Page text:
Ensure your immediate financial security. If you have secured a new job, get it in writing. Don’t make the mistake of thinking that an employment offer letter will suffice. Until you have a signed contract, your professional and financial interests remain vulnerable. If you have opted to resign without a job in place, you might want to consider registering with one or more local temp or freelance employment agencies. Once you prove your dependability, they will usually keep you working on a regular basis.
Conservatively adjust your monthly outlay according to your new projected income. Be sure to include the increased cost of medical insurance (to which you have a right under COBRA) and maybe consider to use sites as Insurance Partnership to get a best deal in your car and house insurance to adjust to your new budget. If you need an insurance for your business, then check out RhinoSure. If you plan on making your new job search a full time endeavor, analyze your financial picture to calculate how long your resources (savings, severance, unpaid vacation, etc.) will last. Now is a great time to create a budget. And always, always leave yourself a cushion for emergencies.
Clean up your act.
Do a thorough housecleaning of your computer and your office. Even if the worst case scenario doesn’t materialize and you’re not immediately ushered to the door, keep in mind that from this time forward the company will likely be keeping closer tabs on your computer activity.
Meticulously go through your hard drive and either print out or email any personal documents to your home account. Be sure to delete them and then delete the deleted items. Go through your email, both inbox and sent items and delete any personal correspondence. Do the same with your browsing history. Ditto for the hard copies of anything in your office files. Be especially mindful of how you handle any information that could be considered confidential by your employer.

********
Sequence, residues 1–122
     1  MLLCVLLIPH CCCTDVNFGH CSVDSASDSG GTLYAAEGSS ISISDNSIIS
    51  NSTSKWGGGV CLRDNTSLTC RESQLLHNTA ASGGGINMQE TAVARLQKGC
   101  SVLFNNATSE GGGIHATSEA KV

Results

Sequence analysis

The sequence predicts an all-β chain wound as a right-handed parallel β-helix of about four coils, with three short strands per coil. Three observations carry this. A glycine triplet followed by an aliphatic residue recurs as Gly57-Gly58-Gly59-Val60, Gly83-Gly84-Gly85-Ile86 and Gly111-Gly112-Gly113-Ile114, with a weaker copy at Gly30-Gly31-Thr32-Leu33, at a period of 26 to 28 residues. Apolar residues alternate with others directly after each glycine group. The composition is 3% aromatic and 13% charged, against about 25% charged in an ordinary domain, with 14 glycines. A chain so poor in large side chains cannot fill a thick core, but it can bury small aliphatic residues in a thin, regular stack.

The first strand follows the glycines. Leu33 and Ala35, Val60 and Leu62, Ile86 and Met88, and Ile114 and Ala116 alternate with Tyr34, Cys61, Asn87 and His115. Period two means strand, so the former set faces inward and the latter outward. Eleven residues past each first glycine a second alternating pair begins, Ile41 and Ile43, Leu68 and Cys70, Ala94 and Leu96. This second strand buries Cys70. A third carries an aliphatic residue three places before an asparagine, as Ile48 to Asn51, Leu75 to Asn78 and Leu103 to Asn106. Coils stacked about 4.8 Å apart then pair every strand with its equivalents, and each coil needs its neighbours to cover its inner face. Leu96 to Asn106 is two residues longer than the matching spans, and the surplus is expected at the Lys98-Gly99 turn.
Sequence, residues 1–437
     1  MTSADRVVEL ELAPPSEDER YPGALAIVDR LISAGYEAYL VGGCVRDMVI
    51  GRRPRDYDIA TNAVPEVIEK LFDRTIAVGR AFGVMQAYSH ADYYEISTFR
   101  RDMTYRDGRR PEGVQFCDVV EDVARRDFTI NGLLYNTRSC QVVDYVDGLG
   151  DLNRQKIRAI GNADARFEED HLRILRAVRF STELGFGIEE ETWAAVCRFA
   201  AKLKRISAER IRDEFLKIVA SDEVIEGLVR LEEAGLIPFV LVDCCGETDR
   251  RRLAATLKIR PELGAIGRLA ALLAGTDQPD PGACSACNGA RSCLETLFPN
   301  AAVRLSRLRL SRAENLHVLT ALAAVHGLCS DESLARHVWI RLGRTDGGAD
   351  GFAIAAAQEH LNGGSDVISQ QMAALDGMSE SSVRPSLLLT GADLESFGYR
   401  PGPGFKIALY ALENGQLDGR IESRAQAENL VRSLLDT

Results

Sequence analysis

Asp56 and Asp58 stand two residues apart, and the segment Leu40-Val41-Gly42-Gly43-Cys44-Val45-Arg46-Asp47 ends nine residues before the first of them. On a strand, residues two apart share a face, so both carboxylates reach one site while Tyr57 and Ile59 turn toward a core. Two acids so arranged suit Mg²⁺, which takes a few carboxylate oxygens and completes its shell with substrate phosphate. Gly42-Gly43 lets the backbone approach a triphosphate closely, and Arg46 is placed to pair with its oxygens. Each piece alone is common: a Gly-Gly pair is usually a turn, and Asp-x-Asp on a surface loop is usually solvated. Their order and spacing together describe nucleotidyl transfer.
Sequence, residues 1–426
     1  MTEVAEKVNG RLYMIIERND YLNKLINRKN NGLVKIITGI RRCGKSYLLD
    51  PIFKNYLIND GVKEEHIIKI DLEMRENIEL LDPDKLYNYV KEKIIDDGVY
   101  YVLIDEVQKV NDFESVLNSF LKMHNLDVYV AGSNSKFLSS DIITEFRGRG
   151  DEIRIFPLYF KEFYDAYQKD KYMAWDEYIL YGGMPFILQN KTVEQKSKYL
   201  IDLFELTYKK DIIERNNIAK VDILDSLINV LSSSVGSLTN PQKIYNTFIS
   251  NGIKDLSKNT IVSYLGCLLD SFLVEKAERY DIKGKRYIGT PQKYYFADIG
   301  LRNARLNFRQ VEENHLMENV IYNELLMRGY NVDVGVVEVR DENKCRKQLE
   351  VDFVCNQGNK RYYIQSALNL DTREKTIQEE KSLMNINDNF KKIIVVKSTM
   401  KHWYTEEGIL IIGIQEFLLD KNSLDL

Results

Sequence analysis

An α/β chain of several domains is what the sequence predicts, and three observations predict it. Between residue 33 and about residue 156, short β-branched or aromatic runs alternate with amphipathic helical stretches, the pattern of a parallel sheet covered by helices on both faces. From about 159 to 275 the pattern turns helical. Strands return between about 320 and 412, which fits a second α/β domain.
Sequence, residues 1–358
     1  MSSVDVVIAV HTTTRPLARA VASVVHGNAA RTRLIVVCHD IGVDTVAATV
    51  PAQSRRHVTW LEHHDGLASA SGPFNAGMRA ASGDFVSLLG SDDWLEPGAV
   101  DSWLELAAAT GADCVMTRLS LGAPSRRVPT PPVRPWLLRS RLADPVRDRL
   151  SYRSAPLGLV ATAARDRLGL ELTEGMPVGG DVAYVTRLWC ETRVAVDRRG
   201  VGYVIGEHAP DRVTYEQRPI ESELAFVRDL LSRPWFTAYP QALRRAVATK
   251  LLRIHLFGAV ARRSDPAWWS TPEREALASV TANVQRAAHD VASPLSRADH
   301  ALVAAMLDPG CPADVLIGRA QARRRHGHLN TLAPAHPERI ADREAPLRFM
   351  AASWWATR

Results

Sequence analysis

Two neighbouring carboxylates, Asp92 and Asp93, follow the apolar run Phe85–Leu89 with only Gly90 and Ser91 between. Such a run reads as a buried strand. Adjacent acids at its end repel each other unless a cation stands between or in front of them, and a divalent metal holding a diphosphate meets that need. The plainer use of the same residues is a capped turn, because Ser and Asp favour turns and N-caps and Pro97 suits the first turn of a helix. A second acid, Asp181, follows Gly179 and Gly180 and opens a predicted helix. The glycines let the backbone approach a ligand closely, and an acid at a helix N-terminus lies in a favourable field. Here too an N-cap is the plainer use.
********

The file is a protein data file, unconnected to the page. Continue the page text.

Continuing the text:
Check your timing.
Dedicate yourself to making the most of your company’s financial perks by planning your resignation around approaching key dates. Is a pay raise imminent? If so, your final salary could (if your company’s 401k is a “defined benefit plan”) affect your benefit. Other dates of long term financial consequence are stock option “vesting” schedules. Most companies require from 3-5 years of employment before you become vested in their contribution to your account. In some cases, portions of the contributions are granted vest on different dates over a specific period of time. Lastly, don’t forget bonus pay dates!
Maintain your dignity.
Was there a less than favorable comment on your last performance review? If possible, make an effort to correct the problem and get the review amended in writing. Although the content of your file is legally confidential to the outside world, it can and will be referred to internally, should you reapply to the company in the future.
Adopt the same approach to strained relationships. Do everything you can to repair your part in a falling out with a coworker or boss. When you do drop the bomb, their responses will most likely be more positive and gracious. At least their memories of you will be respectful. At best, you’ve added former foes to your future networking possibilities!